It was a small tray, the base of which was a picture, clearly of eighteenth century date. On initial examination it could be seen that the picture looked as if it was a print of a young couple. The rest of the tray was faded and discoloured, but immediately suggested something interesting, that it was not a professionally made object but something made by an amateur. I naturally bought it immediately and took it home for examination.
Cleaning it confirmed what I had expected, the base had been decorated with a section cut from a larger print and then coloured, probably in watercolour. It was in excellent condition, having been protected by a sheet of glass, now heavily scratched from long use. The same could not be said for the sides of the tray. Made from thin wood they had been covered with ribbon and the top protected by a length of metal braid.
Whilst I was now pretty certain, that the box was of eighteenth century date, there were some things I could do to help confirm this. The first was to identify the print. Here the British Museum website proved invaluable. It allows you to enter a series of criteria to search their huge collections. It was a print, it was probably eighteenth century, the style looked to me to be French, and the young woman seemed to be feeding the young man cherries. I therefore entered these terms and in the few moments discovered this;
The print dates from 1784 and shows a scene from a French comic opera ‘Les Sabots’, with the hero and heroine Colin and Babet. The opera was written by Jacques Cazotte, an unusual author who was claimed to be able to predict the future, and is supposed to have given detailed descriptions of what was to happen to his acquaintances during the revolution. This skill didn’t help him though, as he was guillotined in 1792.
The sides of the tray were decorated with what appears to be a ribbon with a woven pattern, probably a floral sprig and the top is covered with a metallic braid folded over the wood. This suggests that the tray was made at home of material readily available, and is typical of some of the craftwork done by the ‘accomplished ladies’ of the eighteenth century. Prints were used to decorate just about everything on which they could be stuck, from small items like this tray, to furniture and even entire rooms.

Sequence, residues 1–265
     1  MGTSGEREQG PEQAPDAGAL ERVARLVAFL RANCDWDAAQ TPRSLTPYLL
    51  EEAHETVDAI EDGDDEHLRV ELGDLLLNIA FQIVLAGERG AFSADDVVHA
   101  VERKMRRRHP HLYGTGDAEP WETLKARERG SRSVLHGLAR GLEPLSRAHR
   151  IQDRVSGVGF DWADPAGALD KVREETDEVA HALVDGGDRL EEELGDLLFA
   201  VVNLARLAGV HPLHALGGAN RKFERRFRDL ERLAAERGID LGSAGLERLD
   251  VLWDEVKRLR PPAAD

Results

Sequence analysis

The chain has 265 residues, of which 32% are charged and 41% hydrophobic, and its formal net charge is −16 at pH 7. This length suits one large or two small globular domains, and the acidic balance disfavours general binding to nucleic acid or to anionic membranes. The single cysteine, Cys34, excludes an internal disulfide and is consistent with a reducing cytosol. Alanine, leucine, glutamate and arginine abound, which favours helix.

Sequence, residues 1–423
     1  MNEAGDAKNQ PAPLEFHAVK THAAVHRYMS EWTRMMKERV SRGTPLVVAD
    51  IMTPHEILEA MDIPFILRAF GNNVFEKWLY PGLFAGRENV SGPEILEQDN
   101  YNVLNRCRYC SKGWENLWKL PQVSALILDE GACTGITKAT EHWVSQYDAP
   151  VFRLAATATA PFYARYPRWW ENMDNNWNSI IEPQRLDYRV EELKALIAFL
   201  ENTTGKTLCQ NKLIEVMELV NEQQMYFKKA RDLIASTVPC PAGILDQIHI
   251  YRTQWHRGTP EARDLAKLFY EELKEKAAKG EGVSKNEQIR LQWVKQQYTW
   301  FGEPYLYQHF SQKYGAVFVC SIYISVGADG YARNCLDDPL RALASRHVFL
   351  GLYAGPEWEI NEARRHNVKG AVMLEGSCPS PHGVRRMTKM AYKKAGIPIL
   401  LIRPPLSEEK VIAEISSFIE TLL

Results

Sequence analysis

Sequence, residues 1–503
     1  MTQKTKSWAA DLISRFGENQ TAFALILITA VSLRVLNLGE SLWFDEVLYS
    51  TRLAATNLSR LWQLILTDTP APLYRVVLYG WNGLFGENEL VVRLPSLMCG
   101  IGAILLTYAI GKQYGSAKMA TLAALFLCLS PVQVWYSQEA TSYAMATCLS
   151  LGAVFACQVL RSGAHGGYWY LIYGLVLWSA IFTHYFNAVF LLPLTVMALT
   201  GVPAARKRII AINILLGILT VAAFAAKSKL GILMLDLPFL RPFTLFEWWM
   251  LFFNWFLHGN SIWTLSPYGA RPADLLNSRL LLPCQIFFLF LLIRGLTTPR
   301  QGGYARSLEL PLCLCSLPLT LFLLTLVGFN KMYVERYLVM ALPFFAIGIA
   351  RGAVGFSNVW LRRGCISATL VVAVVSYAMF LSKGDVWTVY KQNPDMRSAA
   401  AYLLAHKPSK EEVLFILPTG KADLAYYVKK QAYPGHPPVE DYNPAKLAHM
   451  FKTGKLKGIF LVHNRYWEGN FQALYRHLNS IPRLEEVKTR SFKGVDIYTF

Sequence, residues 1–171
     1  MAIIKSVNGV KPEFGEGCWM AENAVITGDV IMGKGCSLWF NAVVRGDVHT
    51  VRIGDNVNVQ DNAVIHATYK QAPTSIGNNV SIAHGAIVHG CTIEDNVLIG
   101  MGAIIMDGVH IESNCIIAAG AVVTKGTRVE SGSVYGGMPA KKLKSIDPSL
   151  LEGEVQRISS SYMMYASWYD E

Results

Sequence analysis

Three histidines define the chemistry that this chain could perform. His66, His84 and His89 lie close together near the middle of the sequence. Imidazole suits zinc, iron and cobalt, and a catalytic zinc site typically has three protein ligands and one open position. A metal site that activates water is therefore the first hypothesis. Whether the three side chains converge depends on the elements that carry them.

The tray was probably used on a dressing table, to hold small objects.
So I will add the tray to my collection, and keep exploring our local charity shops.
He struck the chisel with the wooden mallet, carefully. There was hardly any light as there was firedamp in the mine. Any flame or spark and the explosion would be devastating.
Then he saw it – a flame. It was approaching, he had nowhere to run, he shouted.
“Stop! there’s firedamp, stop!”
The flame approached, he continued to scream, the man was trying to shout something but the miner didn’t hear, as he fainted in terror.
He came too to see his vicar looking down, by the light of an impossible flame burning in – the world’s first safety lamp.
Firedamp, which mostly consisted of methane, was a terrible danger in early coal mines. It was highly inflammable, and as candles were the only way of lighting mines, the cause of many disasters.
After a terrible explosion which killed over ninety miners in 1812 the Rev. John Hodgson, vicar of Jarrow, campaigned for a safe way of lighting mines. The challenge was taken up by Sir Humphrey Davy and George Stephenson, in 1815 the two men had come up with similar solutions. It was whilst demonstrating Stephenson’s light that my tale took place.
This is in response to Charlie Mills flash fiction challenge, In 99 words (no more, no less) write a story that includes a chisel. Use chisel as a noun or a verb. Hope you enjoy it.